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Lawyer: Jackson A Weak Target

Michael Jackson exits the Santa Barbara County Superior Court in Santa Maria, Calif., with his attorney Thomas Mesereau Jr. after the verdict was read, Monday, June 13, 2005. Jackson was found not guilty on all counts.
AP
Michael Jackson's lawyer said Tuesday he is convinced that the pop star "has never molested any child," but he said Jackson would no longer let children or their families sleep in his room.

"He's not going to do that because it makes him vulnerable to false charges," attorney Thomas Mesereau Jr. told The Associated Press in a wide-ranging interview.

Mesereau said he believes that Jackson will continue to be "a convenient target for people who want to extract money or build careers at his expense." As a result, the attorney said, Jackson will have to change his lifestyle and "not easily allow people to enter his life."

Mesereau and his colleague, Susan Yu, spoke to the AP the morning after Jackson's acquittal on charges he molested a 13-year-old cancer survivor at his Neverland ranch.

Both attorneys described Jackson as the most vulnerable person they have ever met. They said he is physically depleted from the four-month trial and will need time to rest before he again ventures into the public.

Jurors said the accusations of a young boy and his family were not credible — a legal victory that triggered jubilation among the pop star's fans and embarrassment for the district attorney's office.

The Jackson Web site mjjsource.com trumpeted the acquittal with graphics declaring "Innocent" and showing a hand giving a victory sign as a fanfare plays. A scrolling calendar highlights historic events such as "Martin Luther King is born," "The Berlin Wall falls," "Nelson Mandela is freed," and finally, "June 13, 2005, Remember this date for it is a part of HIStory." The reference was to Jackson's 1995 album "HIStory: Past, Present, and Future Book I."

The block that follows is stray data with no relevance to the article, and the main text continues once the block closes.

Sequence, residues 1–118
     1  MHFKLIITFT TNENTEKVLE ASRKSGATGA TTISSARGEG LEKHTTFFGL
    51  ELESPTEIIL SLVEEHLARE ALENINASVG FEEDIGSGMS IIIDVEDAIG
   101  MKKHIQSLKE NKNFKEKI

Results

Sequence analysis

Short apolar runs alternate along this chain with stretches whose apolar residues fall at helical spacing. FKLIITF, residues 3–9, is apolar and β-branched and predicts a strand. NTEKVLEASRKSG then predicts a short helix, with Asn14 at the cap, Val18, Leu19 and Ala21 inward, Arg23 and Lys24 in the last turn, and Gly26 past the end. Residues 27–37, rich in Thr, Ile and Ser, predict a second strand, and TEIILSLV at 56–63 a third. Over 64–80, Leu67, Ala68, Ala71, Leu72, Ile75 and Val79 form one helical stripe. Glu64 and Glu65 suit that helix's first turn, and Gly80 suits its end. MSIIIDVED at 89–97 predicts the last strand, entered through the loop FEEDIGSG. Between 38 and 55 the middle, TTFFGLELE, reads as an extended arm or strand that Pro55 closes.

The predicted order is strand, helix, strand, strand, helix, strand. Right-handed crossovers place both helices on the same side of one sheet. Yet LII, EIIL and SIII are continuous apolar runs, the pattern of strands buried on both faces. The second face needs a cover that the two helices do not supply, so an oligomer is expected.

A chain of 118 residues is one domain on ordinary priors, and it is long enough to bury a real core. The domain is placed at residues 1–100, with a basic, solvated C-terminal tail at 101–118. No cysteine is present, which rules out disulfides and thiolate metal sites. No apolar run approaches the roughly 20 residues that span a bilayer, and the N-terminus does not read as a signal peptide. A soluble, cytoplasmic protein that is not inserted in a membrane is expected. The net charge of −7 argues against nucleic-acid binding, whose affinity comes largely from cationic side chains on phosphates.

A raucous welcome greeted Jackson as he returned to his Neverland Ranch on Monday afternoon. As a convoy of black SUVs carrying him and his entourage pulled through the gates, his sister LaToya rolled down a window, smiled widely and waved. The crowd responded with a euphoric cheer.

"All of us here and millions around the world love and support you," proclaimed a banner strung across a fence by the compound in Los Olivos that Jackson said he created to provide himself with the childhood he never enjoyed.

"It's victory," said Tracee Raynaud, 39. "God is alive and well."

The verdict means Jackson will be free to try to rebuild his blighted musical career. But his legal victory came at a terrible price to his image.

But music industry analysts say Jackson's career can survive his molestation trial, after his acquittal on all charges.

Def Jam Records chairman L.A. Reid says all Jackson has to do is "concentrate on nothing else but making great music" and give great live performances.

CBS News Correspondent Vince Gonzales reports that Jackson will take some time to recuperate with his family. This trial has really taken a toll on him over the past few months. But eventually his famous brothers would like him to join them in a worldwide victory tour to celebrate his acquittal.

"My family was very excited," said his brother Jermaine Jackson on CBS News' The Early Show. "And in the very beginning we always said that Michael was 1,000% innocent."

Jermaine Jackson told Early Show co-anchor Hannah Storm that his brother was very happy and finally smiled the first time he saw him after the verdict.